By the Jerusalem Post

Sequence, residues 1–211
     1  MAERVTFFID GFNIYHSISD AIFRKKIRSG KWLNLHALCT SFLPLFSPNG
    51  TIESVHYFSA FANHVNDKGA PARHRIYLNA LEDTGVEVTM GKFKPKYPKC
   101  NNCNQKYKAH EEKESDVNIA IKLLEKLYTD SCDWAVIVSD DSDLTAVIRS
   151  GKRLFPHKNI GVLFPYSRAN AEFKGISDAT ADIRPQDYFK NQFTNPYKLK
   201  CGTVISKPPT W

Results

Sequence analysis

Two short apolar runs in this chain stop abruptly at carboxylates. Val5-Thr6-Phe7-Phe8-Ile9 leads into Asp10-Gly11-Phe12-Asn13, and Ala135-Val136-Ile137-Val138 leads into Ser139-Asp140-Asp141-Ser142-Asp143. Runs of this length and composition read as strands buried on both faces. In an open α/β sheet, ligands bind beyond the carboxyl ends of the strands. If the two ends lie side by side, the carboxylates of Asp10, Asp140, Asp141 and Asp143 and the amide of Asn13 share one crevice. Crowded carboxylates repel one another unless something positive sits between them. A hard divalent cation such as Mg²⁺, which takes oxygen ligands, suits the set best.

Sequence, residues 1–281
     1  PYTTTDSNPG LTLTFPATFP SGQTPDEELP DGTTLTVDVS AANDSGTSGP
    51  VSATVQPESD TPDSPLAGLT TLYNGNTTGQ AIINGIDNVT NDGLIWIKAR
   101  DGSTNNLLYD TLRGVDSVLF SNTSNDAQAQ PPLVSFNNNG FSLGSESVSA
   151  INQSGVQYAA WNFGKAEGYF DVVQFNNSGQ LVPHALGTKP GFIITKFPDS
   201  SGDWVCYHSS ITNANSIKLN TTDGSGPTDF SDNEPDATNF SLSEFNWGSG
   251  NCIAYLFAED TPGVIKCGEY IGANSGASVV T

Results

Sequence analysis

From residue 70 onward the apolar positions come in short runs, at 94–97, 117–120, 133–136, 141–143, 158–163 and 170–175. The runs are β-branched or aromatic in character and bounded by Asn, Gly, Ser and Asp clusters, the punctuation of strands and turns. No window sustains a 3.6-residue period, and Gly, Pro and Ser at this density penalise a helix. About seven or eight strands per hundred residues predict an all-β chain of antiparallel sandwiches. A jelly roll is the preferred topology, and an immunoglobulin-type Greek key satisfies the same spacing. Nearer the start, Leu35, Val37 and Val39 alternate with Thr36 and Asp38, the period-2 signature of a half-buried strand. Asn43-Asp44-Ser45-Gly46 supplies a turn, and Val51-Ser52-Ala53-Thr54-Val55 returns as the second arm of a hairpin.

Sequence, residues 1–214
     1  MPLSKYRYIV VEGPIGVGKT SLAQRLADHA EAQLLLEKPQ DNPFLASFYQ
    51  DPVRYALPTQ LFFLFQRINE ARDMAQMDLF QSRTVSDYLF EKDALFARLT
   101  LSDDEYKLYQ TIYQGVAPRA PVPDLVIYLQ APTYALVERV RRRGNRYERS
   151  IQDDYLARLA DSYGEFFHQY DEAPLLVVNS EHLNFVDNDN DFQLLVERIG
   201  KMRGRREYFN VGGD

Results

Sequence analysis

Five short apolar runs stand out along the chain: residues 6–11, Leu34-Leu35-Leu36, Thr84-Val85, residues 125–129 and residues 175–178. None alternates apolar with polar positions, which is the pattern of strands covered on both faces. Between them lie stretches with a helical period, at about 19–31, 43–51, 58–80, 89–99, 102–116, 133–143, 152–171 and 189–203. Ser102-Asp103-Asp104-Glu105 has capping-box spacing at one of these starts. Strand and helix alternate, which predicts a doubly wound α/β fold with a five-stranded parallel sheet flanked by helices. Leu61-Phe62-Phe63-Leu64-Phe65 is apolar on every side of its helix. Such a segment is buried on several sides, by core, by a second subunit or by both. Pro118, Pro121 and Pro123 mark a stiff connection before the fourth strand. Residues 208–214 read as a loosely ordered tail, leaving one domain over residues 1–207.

A woman whose ex-husband is NIS 100,000 in arrears in child support, and who harassed her and her partner following their divorce, has been fined NIS 100,000 by the Jerusalem Rabbinical Court for obtaining a restraining order from the police against him, and for seeking a court seizure of his child-support debts. The basis for the fine is a highly contentious clause in the couple's divorce agreement which stipulates that neither side shall approach the police, family courts, or welfare authorities for any matter regarding the behavior of the other party before obtaining the permission of the rabbinical court to do so. Deborah, not her real name, signed this agreement in 2010 out of desperation to get a divorce agreement from her husband following three years of divorce negotiations. He insisted that he would not grant the divorce unless she agreed to the clause that neither side could approach the civil authorities without permission of the rabbinical court. Deborah was frightened that she would become one of the significant number of women in Israel denied a get (religious divorce) by their husbands for an extended period, and so agreed to the clause. Her ex-husband paid child support payments for three of their four children for the first year following their divorce but failed to continue payments after that. Deborah claims that he owes her NIS 100,000 although the ex-husband claims he owes her half that amount. The divorce agreement included a stipulation that both parties follow an Orthodox Jewish lifestyle, and following the divorce the ex-husband filed a demand that the woman not be allowed to host her male partner at her home. He then began to stalk and harass Deborah and her partner to prove that they were not living a religious life and would wait around outside her house to take pictures of them. Eventually, the woman filed a request with the police for a restraining order against her husband and also filed a request with the police to obtain the child support payments he owed her. He subsequently filed suit against her in the Jerusalem Rabbinical Court demanding NIS 400,000 in fines, as laid out in the divorce agreement, for her violations of the clause prohibiting either side from approaching the civil authorities without the permission of the rabbinical court. The Center for Women's Justice which is representing Deborah is arguing however that the divorce agreement is illegal since it was signed under duress and because the organizations argue that no legal agreement can waive the civil rights to turn to law enforcement agencies for redress. CWJ director Susan Weiss said that the requirement to seek such permission from the rabbinical courts was illegal since the rabbinical courts are not empowered to determine what is a crime or not. She said that Deborah did not seek the permission of the Jerusalem Rabbinical Court because she needed immediate relief from the harassment of her husband. The rabbinical court judges on Deborah's case, Rabbis Uriel Lavie, Shlomo Tam and David Malka, ruled that she had violated the agreement by failing to request the court's permission, and insisted that requesting permission from the rabbinical court before going to the police and civil courts was a "reasonable and accessible" request. Because the option was available to her to request permission, the clause did not violate public policy as CWJ claimed, the judges ruled. They levied a NIS 100,000 fine against her instead of the NIS 400,000 stipulated in the divorce agreement. "CWJ will appeal this decision – as it will all decisions of the rabbinical court – which violate fundamental legal and civil rights of women, and which constitute an illicit power grab of authorities vested in other branches of government," said Weiss. "Once again, this decision demonstrates the rabbinic courts' inability to adjudicate issues in consonance with basic legal principles."